The sequel to 2017’s best open world adventure is finally here and it hasn’t disappointed, according to most early reviews. Horizon Forbidden West capitalizes on what made its predecessor so great. The world is gigantic, beautiful and full of interesting things to do.
The negatives within Forbidden West seem few and far between. Swimming sections that aren’t that fun, some technical issues and a story that makes frequent callbacks to the original are some of the issues that critics have pointed out. They don’t takeaway from the overall experience, however, including how fluid the moment-to-moment gameplay is.
While many outlets chose not to score the Forbidden West, they still had a positive response to the adventure.
Horizon Forbidden West review round up
Here are some of the reactions to Horizon Forbidden West. Try it out for yourself on Feb. 18.
A triumphant combination of enthralling combat, top-tier creature and character design, and a captivating open world, Horizon Forbidden West is an absolute blast and fantastic showcase for the power of the PS5. Although the return of a couple of familiar series trappings and a noticeable lack of freeform climbing never threatens to derail the enjoyment, it does leave it falling frustratingly short of something revolutionary.
In the end, this is Aloy’s story: She continues to be a headstrong protagonist, and I say that admiringly. In Forbidden West, she takes no shit — but she also learns valuable lessons about accepting help, and about acknowledging the grief that comes from growing up as an outcast. She goes to bat for the people she cares about. Forbidden West homes in on the contrast between her convictions and those of Dr. Elisabet Sobeck, the creator of the Zero Dawn project that set the whole series in motion, and the character from whom Aloy was cloned. Where Sobeck took the destruction of humanity as an assumption, and worked to repopulate the Earth, Aloy fights for the survival of those who are alive today. Even as the story throws in twists and additional characters that alter the scope of the threat she’s up against, her steadfast resolve remains. Getting to play as her — in such a beautiful and densely packed world — is a journey I won’t walk away from anytime soon.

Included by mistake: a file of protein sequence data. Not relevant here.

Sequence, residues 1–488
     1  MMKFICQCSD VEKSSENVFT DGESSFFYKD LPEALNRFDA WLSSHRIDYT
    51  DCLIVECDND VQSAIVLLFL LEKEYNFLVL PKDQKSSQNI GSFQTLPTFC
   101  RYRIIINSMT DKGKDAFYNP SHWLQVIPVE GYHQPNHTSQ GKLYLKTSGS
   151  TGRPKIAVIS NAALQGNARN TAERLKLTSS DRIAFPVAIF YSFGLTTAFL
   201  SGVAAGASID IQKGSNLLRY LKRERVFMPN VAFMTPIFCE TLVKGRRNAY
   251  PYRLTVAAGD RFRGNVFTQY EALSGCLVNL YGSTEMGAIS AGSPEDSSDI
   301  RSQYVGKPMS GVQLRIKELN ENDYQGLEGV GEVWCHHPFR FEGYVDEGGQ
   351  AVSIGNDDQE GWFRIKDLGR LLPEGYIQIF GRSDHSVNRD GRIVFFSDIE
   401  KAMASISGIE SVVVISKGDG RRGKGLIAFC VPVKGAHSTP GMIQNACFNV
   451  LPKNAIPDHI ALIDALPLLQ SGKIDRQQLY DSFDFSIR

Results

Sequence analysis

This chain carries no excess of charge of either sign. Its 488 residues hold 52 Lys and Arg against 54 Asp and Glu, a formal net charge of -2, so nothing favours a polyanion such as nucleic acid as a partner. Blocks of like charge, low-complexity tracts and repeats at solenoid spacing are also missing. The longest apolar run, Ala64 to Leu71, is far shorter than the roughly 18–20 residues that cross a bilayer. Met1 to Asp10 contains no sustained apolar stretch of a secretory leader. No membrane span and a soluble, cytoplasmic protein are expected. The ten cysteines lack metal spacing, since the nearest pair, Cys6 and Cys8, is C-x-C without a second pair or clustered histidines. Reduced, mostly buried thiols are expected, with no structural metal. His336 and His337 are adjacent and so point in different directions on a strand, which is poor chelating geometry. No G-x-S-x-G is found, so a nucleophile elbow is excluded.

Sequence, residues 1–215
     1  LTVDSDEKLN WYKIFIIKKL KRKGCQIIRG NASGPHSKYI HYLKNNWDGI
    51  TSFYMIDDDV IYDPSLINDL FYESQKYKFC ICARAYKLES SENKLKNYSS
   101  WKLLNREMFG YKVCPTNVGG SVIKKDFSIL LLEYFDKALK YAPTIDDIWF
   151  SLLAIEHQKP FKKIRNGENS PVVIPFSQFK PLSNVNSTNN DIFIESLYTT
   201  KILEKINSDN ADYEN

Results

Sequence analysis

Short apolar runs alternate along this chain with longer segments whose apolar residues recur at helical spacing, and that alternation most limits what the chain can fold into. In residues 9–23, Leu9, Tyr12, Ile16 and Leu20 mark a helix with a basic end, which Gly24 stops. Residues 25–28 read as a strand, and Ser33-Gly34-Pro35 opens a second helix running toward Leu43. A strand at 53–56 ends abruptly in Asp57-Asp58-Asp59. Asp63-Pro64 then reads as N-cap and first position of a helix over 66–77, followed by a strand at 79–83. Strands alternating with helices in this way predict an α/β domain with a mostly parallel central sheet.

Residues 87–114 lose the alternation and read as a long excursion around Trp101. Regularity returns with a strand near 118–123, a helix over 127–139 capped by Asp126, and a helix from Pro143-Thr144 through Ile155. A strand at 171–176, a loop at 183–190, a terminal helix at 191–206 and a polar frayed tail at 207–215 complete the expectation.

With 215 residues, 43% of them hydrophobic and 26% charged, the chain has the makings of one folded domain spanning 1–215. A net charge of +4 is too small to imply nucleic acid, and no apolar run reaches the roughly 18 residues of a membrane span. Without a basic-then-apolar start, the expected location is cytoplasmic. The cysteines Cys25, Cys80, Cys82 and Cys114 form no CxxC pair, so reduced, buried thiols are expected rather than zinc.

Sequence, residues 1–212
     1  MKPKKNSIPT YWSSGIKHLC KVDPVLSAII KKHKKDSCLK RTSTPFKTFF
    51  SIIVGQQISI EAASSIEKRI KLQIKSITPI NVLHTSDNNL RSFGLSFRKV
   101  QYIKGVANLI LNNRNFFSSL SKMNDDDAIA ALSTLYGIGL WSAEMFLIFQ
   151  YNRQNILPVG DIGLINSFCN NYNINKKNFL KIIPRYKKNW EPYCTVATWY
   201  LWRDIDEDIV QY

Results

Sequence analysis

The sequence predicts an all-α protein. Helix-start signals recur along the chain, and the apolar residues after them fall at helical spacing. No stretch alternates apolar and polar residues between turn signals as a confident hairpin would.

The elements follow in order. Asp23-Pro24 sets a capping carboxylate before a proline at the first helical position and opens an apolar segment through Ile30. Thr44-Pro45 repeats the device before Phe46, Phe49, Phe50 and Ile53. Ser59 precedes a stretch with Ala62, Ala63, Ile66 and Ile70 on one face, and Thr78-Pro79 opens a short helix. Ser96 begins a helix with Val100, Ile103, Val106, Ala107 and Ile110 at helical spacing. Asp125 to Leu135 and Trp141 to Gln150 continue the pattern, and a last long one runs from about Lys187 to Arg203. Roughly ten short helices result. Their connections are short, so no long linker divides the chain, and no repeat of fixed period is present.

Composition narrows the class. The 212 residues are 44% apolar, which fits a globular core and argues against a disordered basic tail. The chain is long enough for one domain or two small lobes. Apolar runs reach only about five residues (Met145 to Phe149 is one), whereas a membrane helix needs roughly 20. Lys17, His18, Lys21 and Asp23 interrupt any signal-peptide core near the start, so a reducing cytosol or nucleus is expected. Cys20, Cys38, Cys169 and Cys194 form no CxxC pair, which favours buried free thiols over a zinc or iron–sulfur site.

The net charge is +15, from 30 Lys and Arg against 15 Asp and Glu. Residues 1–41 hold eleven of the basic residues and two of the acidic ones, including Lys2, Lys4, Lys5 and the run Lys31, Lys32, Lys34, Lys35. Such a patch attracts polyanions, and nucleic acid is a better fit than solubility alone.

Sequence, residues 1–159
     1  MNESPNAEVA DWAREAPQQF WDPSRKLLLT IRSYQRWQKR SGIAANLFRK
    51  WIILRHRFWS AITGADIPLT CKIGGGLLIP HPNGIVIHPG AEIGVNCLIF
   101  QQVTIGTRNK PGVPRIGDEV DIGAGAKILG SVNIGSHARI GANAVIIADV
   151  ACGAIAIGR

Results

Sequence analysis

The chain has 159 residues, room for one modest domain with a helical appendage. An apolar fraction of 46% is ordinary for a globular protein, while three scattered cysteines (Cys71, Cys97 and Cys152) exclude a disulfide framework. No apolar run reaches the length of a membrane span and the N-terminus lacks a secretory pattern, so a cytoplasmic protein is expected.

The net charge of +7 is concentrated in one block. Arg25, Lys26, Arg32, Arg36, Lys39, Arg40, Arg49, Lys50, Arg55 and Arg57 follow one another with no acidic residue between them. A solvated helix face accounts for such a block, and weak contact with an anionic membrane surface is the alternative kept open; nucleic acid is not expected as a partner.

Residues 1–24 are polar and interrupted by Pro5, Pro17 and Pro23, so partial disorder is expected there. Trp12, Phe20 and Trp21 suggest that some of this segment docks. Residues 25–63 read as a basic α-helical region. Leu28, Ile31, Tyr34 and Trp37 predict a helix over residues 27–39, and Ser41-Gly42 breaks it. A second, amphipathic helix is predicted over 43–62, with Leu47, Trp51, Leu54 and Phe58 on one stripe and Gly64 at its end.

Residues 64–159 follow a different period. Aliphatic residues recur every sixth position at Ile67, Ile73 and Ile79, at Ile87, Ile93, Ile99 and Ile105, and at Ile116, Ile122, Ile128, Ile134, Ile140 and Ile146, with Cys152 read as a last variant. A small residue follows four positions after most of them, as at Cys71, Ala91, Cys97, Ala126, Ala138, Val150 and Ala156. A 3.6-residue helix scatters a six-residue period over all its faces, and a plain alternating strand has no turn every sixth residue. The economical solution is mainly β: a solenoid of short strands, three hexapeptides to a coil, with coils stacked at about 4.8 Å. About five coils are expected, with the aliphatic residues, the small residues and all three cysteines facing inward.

I thoroughly enjoyed Horizon Forbidden West, and I suspect anyone who loves open-world RPGs will thoroughly enjoy it as well. But despite getting a kick out of fighting robot dinos, despite the enthralling time sink of “Machine Strike,” despite finding myself ravenous to return to this rich, inspired open world, I can’t shake how plainly Forbidden West misses the one philosophical throughline that helped its predecessor ascend to greatness: Sometimes, the question is more interesting than the answer.
Overall, though, Horizon Forbidden West does a lot more right than it does wrong. It might be jam-packed with stuff to see, do, know and remember, but when its many systems come together, it can be a beautiful, exciting and delightful open-world experience. The story that drives you through the frontier is often well-told and does well to center actual characters rather than audio logs, and while the map is littered with icons, it’s much more often that they’re fun, skillfully crafted diversions than random busywork to fill a checklist. There’s a huge amount to do and see in Horizon Forbidden West, and the great majority of it is worth doing and seeing thanks to strong writing, great visuals, and some marked improvements to the series’ underlying ideas.
Horizon Forbidden West reaches a new high bar for Guerrilla Games. It does more than surpass its predecessor; it takes Horizon’s fiction to captivating places and builds a rich world that rewards you for the effort you put into it. Mostly, it’s an entertaining experience, complete with jaw-dropping moments and unforgettable fights.